PART 1 – My journey to sobriety. Dicing with death.

7th May 2018


In October I completed Sober October.

In November I completed Bender November.   

Sober October resulted in the most pissed-up November on record – I basically just postponed all my social activities in October and moved them to November. Christmas came and went in a haze of Prosecco, wine, port, sherry, a shit load of Gin and the odd Baileys. Now we are in May and I can’t recall a weekend of no boozing this year so far.

Bank Holiday Weekend – 04-07 May 2018

I’ve nearly killed myself twice this weekend.

– Saturday I jumped out of plane from 10,000 feet.

– On Sunday I tripped over a brick in the garden with a wine glass in my hand – landed in a heap on the floor, smashed the wine glass and sliced my neck open an inch from my Jugular. I have no idea what I tripped on. I was drunk. I don’t actually remember doing it – I woke up this morning, head banging, in one of the hubby’s tee shirts, covered in blood with Malbec-stained teeth and a mouth like the bottom of a parrot’s cage.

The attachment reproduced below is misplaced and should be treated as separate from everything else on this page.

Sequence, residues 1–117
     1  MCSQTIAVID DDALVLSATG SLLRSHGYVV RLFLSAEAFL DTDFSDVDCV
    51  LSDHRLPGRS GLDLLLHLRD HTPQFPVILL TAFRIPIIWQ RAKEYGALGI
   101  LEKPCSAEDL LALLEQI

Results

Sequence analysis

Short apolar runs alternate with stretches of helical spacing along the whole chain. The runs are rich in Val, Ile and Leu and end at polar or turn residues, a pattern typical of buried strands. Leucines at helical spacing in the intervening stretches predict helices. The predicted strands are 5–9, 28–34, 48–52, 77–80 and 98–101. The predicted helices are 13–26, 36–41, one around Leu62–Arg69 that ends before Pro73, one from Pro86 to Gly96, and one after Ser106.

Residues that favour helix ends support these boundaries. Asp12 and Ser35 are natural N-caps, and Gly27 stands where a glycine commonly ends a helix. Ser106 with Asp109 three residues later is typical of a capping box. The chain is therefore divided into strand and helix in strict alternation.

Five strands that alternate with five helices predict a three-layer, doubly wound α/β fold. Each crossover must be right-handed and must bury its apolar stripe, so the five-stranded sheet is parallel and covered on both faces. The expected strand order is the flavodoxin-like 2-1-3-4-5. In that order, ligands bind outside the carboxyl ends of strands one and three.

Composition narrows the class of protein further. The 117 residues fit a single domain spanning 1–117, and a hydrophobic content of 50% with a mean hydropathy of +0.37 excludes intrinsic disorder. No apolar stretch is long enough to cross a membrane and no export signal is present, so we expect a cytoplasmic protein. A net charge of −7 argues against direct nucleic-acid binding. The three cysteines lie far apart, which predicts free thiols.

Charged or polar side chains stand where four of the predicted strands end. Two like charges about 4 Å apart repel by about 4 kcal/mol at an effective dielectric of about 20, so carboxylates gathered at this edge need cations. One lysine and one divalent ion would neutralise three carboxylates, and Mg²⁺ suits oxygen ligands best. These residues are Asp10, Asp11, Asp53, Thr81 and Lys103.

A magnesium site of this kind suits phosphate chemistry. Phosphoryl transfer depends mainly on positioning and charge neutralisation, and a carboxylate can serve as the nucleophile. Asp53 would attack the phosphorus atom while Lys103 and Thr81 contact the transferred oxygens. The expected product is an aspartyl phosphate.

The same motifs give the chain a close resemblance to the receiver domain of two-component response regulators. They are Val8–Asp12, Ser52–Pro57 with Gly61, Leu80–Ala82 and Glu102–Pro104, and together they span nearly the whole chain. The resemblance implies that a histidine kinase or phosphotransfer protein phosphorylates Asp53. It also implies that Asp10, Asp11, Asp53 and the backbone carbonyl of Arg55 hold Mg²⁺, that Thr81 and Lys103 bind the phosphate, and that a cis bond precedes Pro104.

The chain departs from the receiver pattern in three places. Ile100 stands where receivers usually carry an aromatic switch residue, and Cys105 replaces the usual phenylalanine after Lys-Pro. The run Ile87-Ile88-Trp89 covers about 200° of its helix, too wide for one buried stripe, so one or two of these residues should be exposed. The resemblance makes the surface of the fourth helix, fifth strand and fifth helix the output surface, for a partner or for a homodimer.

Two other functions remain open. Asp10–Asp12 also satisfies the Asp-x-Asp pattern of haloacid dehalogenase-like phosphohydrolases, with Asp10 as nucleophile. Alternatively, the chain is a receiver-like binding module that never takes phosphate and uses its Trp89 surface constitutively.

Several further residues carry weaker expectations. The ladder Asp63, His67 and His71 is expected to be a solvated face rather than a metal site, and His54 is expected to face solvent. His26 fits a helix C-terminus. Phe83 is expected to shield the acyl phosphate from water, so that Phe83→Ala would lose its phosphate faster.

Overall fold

Mr T enlightened me with the details – in the usual way – that look half way between disappointment and concern. I open my eyes to the same question from him most weekends “do you remember what happened last night?”. I know it’s not going to be good.